Most everyone would agree that the Rays are not an intimidating team. Compared to past iterations of the Rays, especially last season's club, this season's roster looks somewhat underwhelming.
Sam Fuld may be a legend, but he's no Carl Crawford. Kyle Farnsworth and Joel Peralta may be a welcome surprise, but they can't shake a stick at the 2010 versions of Joaquin Benoit and Rafael Soriano. And as wonderful as Casey Kotchman has been this year, what Rays fan wouldn't gladly swap him for a slick-fielding, 35-homer season from Carlos Peña?
Need more evidence? The Rays have five regulars in the lineup — Fuld, Reid Brignac, John Jaso, Kelly Shoppach and Elliot Johnson — with on-base percentages lower than .300. And the team's overall offense and pitching are both worse than last season.
While the Rays offense performed 5 percent better than the league average last season (.736 on-base plus slugging percentage), they come in just 1 percent below that this season (.712 OPS). Their pitching has seen a similar drop (based on defense-independent stats), falling from 5 percent above league average to 2 percent below this season.
And yet, the Rays entered Saturday with a .549 winning percentage, only 3½ games out of the AL wild card. Their record would be good enough to put them in first place in both the AL and NL Central, and heading into Saturday they were the fourth-best team in the AL.
So how is this possible? The answer is simple: defense.
It's no secret that the Rays have built their team around defense in recent years, exploiting the fact that good defensive players have been underpaid and undervalued. This season the Rays have taken their defensive focus to a new extreme. They not only have the best defense in the majors, they arguably have the best defensive team of the past 10 years.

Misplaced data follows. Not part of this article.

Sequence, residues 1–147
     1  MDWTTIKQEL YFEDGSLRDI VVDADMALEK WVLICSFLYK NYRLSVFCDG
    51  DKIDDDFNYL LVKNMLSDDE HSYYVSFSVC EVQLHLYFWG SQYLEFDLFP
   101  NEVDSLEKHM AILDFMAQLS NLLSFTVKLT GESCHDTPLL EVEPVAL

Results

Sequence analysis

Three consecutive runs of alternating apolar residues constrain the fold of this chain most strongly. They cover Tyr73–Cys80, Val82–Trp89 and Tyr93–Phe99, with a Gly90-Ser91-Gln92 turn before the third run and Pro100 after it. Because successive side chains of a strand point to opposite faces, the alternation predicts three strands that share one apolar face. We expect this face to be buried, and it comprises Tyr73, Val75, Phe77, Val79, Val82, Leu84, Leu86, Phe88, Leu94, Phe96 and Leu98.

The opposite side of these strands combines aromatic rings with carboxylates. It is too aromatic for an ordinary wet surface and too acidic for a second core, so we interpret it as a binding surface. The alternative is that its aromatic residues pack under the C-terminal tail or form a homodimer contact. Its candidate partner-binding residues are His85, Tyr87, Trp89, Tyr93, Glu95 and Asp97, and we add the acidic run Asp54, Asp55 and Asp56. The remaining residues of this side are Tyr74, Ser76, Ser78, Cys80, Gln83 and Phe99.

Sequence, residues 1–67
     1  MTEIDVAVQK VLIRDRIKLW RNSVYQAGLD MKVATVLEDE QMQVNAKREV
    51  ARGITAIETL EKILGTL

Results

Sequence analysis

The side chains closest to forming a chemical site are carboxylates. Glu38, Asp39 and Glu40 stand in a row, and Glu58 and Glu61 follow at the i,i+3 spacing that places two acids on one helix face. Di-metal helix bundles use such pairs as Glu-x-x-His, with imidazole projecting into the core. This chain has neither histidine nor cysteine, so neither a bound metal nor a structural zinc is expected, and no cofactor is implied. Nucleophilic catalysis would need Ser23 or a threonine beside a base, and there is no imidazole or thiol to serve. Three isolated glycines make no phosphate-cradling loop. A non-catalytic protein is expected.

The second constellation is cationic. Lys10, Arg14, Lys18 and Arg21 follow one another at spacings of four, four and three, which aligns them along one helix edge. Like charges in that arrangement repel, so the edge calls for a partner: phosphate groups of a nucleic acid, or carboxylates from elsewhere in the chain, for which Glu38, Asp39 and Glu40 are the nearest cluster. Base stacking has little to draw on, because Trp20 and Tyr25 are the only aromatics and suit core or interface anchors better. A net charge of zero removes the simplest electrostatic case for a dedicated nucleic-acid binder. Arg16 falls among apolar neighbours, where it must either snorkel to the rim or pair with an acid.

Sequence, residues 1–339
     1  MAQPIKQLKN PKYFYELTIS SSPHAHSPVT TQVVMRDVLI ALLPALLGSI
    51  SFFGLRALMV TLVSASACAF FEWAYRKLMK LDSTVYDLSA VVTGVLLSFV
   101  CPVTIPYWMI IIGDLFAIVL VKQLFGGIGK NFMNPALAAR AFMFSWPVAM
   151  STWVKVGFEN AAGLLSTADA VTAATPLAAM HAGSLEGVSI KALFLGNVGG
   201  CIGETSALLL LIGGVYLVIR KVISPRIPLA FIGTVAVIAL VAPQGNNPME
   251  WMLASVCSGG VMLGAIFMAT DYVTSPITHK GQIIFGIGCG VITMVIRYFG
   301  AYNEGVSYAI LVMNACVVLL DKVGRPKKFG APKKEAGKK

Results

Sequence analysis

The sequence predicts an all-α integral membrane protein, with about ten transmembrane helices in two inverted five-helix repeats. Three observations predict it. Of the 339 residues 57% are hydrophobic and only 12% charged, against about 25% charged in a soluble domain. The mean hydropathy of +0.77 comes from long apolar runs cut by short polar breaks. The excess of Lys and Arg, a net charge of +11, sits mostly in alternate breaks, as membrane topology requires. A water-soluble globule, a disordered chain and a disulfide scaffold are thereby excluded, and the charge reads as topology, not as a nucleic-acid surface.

That said, measuring defense is far from an exact science. We can measure a player's error rate easily enough — that's what fielding percentage covers — but that's only one part of the picture. You also need to take into account defensive range, as a fielder that can reach any ball hit within 20 feet of him is more valuable than a fielder that can only reach balls hit right at him.
There are two publicly available defensive stats that attempt to measure range: defensive runs saved (DRS) and ultimate zone rating (UZR). While DRS and UZR have different ways of reaching their answers (DRS uses video scouts; UZR relies on hit location data), they both attempt to quantify how many runs a player saved or gave up through their fielding range.
These values don't always match up, but they can give you a good picture of a player's defense when you take them as a whole. For example, Ben Zobrist is rated by both UZR and DRS as the best fielder on the Rays this season, accruing a plus-10 DRS and plus-7 UZR. In other words, these stats rate Zobrist as saving the Rays around 7-10 runs with his defense.
These same stats rate the Rays as having the best defense in the majors this season, coming in at plus-52 DRS and plus-26 UZR. When you put it in historical perspective, those numbers become even more impressive; the 2009 Mariners were the best defensive club since defensive stats started being recorded in 2002 (plus-85 UZR, plus-110 DRS), and the Rays are on pace to finish with defensive numbers similar to those.
The Rays also have been better than the 2009 Mariners at turning balls hit in play into outs. The Rays have a .265 batting average on balls hit in play against them, while the Mariners had a .272 batting average on balls in play, a difference of around 35 hits over the course of a season. Since 1994, there have only been two clubs better than the current Rays at turning hits into outs: the 2001 Mariners (.260 BABIP against) and the 1999 Reds (.262 BABIP against).
The Rays might not have a strong offensive club, but their defense has made them into one of the majors' best teams. Their pitching only rates around the middle of the pack in defense-independent stats such as strikeout and walk rate, but they have allowed 343 runs, ninth best in the majors. With a defense like this, who needs an offense?
Steve Slowinski is editor-in-chief of DRaysBay.com, a blog on the Rays that specializes in analysis and statistics.